What are the variations worldwide in terms of adolescence school?
School quality and
Adolescents educational performance
What change during the age of adolescence (1890 to 1920) with regard to adolescent education
States began to pass laws requiring school attendance
beyond the primary grades (through the early teens)! Today, education is mandatory until age 16
What are some challenges for adolescents?
Storm and stress
Can be frustrating for adolescents who prefer to be obtaining job-specific skills, but are forced to take further years of general education.
What are some difficulties for secondary school teachers?
Storm and stress, changing relationships, expectations
Difficult to find a level of teaching that will appeal to all adolescents schools have a Comprehensive education of a variety of topics, however adolescents have unique interests
What 3 types of secondary schools exist in Europe?
College preparatory school (50%) Vocational school (25%) (Focused on professions like auto mechanic and plumbers) Professional school (25%) (One specific skill, like teaching)
What are the advantages of this European system?
Specific, useful training and Clear idea of their chosen occupation
What are the disadvantages
Pressure to decide early and Lose out on exposure to diverse information and experiences
What are the goals of universities?
Discipline-specific knowledge People skills Research and planning skills Thinking skills Independent thinking and intellectual exploration
What are the outcomes of post secondary?
Financial benefits Chance of unemployment decreases as you get more education, rate of unemployment is lowest
Improved self concepts and psychological well being
Social bonds, professional training, knowledge and identity development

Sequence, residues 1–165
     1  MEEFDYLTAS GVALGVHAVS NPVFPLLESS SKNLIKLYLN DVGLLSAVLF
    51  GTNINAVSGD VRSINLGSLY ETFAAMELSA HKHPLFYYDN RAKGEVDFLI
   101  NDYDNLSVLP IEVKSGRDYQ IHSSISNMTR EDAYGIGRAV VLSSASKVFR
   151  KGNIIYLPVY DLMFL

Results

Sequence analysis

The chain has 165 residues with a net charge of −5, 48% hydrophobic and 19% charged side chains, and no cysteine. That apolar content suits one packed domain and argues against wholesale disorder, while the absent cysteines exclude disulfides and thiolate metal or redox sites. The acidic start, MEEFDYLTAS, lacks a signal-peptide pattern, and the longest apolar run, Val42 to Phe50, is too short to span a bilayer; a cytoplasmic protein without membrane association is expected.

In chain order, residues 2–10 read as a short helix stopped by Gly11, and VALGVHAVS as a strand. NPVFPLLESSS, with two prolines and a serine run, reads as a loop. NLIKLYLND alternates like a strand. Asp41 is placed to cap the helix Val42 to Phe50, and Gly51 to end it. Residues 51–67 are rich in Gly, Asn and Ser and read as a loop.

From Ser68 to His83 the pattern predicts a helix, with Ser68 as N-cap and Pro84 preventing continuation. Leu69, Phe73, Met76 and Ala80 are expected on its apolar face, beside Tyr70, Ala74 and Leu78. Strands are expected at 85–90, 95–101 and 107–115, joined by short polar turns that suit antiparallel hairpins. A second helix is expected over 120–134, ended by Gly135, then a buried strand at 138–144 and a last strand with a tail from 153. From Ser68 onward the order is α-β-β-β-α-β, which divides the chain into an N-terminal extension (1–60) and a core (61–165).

What are some of the subcultures in post secondary?
Collegiate (sorority/fraternity, party)
Vocational (focus on gaining skills and getting degree)
Academic (Drawn to ideas, knowledge and studying)
Rebel (deeply engaged with ideas, actively non conformist, skeptical of instructors, and selectively studious)
What are MOOC’s
Massive open online courses
What are the advantages of moocs?
What are the disadvantages of Mooc’s?
Require a great deal of self discipline
Fewer opportunities for interpersonal development
Less hands on
What are some other factors influencing student experience?
lives outside of school: Parents, Friends & peers, Leisure, Cultural beliefs and Work (for later)
How can parents influence school experiences?
Parenting style (authoritative associated with best education outcome
Expectations for achievement
Involvement –> implications? If parents involvement is beneficial then we need to get parents involved in education
How can friends and peers influence school experience?
Influence attendance, homework, effort, grades. Parallel outcome to friends
(i.e., High achieving friends will encourage high achievement (vice versa). Comparisons among peers
Lower academic self concepts and Expectations for academic attainment
What is a growing expectation as individuals approach emerging adulthood?
Prepare to become ‘full members’ of society and Adolescence as a time to prepare for adult roles
What was the history of adolescent work in the 17th and 18th centuries?
Boys worked on the farm and Girls cared for domestic animals, household work
What was the history of adolescent work in the 18th and 19th centuries?
Decline in farming (<40%). Industrialization like Factories, coal mines and processing plants with Long hours, dangerous conditions, health hazards
What was the early 1900’s like?
age of adolescence: Laws restricting times and places children and adolescents could work
What happened in the 1930’s to 1940’s?
rise in schooling in adolescents
What happened post WWII?
Combined school with part time work
What happened at the end of the 20th century?
~80% of high school students working
What are male and female adolescent’s typical first jobs?
Boys= yard work and females= babysitting
What are the typical high school jobs and hours?
Majority involve restaurants and retail
Limited skills/experience required, Repetitive, monotonous. Average 15-20 hours/week
What are the benefits of adolescent jobs?
Money (shopping), gain/learn responsibility, independence and work ethic, develop occupational skills (time management, work experience) and broaden social networks
What are the costs of work during adolescence?